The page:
11th November 2020
UK government still hasn’t produced a lorry drivers’ guide
I spent the first six months of 2016 campaigning in Britain against Brexit. Not once did I hear a Brexit supporter attack global integration.
Scarcely anyone in Britain opposes global integration. What 52% of those voting (actually a 38% minority of the British electorate, since 28% couldn’t be bothered to vote) were against was:
Most British Brexit supporters wanted a simple free trade agreement with the rest of Western Europe – and similar deals with the rest of the world. They wanted real globalisation: not the extravagantly over-engineered, spendthrift and inward-looking protectionism they believe EU imposes on its members.
I opposed Brexit – like most of the British business community – because I believe its advocates’ ambitions are unrealistic and potentially damaging.
But we had to recognise our opponents’ dislike of growing external interference in Britain’s management – and of the costs it imposed on British taxpayers. It’s impossible to imagine anyone in Obama’s America or Trudeau’s Canada accepting these aspects of the EU – or regarding their country’s insistence on self-government as “repudiating globalisation.”
Who’s rejecting globalisation in America?
In the US, the truth is a lot more complicated than: “Should Trump become president, then we will see a rejection of globalisation.”
As far as foreign trade is concerned, both Trump and Clinton oppose the Trans-Pacific Partnership (TPP), which is now in real danger of disappearing altogether, writing off seven years’ hard work by negotiators from 12 countries.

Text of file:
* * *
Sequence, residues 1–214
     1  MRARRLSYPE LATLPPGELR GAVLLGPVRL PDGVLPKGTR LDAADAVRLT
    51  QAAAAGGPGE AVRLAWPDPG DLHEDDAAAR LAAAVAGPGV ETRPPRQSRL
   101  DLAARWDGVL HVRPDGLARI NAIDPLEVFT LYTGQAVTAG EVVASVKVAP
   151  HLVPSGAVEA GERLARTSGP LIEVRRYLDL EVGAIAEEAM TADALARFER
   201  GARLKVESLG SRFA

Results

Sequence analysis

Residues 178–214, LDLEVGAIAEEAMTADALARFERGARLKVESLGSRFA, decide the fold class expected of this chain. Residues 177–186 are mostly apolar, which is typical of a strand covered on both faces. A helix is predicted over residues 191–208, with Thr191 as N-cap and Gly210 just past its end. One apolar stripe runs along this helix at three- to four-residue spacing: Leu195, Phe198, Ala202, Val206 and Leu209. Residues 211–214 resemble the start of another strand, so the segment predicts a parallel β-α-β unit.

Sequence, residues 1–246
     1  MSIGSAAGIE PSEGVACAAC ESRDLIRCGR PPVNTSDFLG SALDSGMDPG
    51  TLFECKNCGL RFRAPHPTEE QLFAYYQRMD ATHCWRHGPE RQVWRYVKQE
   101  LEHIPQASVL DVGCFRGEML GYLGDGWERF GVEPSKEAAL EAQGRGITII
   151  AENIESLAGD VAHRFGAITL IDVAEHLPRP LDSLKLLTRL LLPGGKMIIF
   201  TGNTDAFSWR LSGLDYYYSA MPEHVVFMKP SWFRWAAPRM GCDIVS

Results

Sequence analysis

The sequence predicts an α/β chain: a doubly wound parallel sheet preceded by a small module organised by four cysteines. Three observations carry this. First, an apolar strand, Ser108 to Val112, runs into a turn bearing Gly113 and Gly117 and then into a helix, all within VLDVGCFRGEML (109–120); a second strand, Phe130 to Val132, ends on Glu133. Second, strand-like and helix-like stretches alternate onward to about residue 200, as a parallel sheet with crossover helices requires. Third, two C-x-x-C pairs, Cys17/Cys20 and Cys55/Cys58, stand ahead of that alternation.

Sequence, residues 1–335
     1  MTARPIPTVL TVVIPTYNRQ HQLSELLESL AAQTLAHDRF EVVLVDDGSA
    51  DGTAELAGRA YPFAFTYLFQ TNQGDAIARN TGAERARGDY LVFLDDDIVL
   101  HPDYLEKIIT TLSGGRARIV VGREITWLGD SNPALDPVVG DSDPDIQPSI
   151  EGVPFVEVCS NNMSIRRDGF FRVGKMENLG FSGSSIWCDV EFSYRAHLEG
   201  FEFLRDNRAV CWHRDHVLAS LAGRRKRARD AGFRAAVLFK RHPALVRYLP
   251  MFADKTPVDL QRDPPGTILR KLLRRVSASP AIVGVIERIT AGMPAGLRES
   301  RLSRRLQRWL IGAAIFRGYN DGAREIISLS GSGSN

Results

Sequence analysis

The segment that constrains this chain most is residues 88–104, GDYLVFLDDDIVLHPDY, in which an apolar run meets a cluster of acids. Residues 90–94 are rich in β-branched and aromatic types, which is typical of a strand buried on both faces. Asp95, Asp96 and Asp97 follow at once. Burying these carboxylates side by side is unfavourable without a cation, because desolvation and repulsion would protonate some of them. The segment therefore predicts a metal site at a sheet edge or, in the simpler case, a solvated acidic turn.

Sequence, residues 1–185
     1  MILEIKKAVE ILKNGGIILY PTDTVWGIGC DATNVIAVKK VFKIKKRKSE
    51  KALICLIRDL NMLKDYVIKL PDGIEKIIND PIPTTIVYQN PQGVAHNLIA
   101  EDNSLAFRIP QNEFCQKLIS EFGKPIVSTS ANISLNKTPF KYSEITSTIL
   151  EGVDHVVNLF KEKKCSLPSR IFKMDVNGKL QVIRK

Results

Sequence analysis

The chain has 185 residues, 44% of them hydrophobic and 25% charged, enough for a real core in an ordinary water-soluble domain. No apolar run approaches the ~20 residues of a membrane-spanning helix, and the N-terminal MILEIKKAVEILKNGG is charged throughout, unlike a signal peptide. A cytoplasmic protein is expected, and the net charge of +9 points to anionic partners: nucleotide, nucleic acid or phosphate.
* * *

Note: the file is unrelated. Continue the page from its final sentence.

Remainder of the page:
With Britain – until now the EU’s most trade-friendly member – no longer involved, the Transatlantic Trade and Investment Partnership (TTIP) looks threatened too – and opposition to it is hardening throughout Continental Europe.
To simplify: Trump wants the US to do far less international trade than at present; Clinton wants restrictions on much more international trade.
So what are Britain and the US rejecting?
With or without Trump, Americans look likely to want slower expansion in foreign trade.
British voters didn’t reject “global integration” of supply chains: they rejected a particular version of international cooperation many thought wasn’t right for Britain, and some thought wasn’t global enough. That version included policies on migration, foreign governments’ jurisdiction, compulsory subsidies to other countries and restrictions on trade deals that nowhere outside Europe has ever even considered adopting.
With or without Trump, voters in Britain and America are getting increasingly uncomfortable with deals they think are integrating economies too far.
Why the rejection?
Is the problem just in Britain and the US?
Opinion polls show other European voters are even more unhappy with the EU than in Britain – mostly because they too think the EU’s intruding more than it should into things national governments should deal with. Meanwhile, opposition to further trade liberalisation in most developing countries is probably even more powerful than in the West. For example:
Practically every developing Asian country wants better access to Western markets. Few are prepared to offer better access to theirs in return.
Whose job is it to deal with it?
Does the problem lie with politicians who have poorly described the benefits of free trade, as so many pro-liberalisation lobbyists argue? No. The problem is that deals are going further than voters’ comfort zones. And businesses expecting more free trade are unprepared to make a credible case for how that liberalisation will benefit the voters they want to approve their case.
Trump, politicians or Brexit campaigners haven’t created the current hostility to mismanaged globalisation. Businesses wanting more international integration have to make a better job of arguing for it than they’ve managed so far. If they doubt they can, they have to assume that integration has – for now – pretty much reached its peak.